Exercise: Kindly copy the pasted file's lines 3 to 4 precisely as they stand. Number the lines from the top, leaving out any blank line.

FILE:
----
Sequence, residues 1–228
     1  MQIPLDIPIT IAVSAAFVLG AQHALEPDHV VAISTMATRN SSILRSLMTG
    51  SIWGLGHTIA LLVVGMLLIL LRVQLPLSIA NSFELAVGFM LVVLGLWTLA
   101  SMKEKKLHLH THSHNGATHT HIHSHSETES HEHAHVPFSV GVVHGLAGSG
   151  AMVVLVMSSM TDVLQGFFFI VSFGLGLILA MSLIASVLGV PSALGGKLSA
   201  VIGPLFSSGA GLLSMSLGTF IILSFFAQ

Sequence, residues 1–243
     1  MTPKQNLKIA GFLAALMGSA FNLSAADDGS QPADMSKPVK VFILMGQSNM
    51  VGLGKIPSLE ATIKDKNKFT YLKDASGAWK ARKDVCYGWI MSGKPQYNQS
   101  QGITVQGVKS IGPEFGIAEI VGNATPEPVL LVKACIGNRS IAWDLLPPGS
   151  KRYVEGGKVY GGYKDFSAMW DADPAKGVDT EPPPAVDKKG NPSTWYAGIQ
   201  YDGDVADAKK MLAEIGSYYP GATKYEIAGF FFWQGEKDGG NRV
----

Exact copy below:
    51  SIWGLGHTIA LLVVGMLLIL LRVQLPLSIA NSFELAVGFM LVVLGLWTLA
   101  SMKEKKLHLH THSHNGATHT HIHSHSETES HEHAHVPFSV GVVHGLAGSG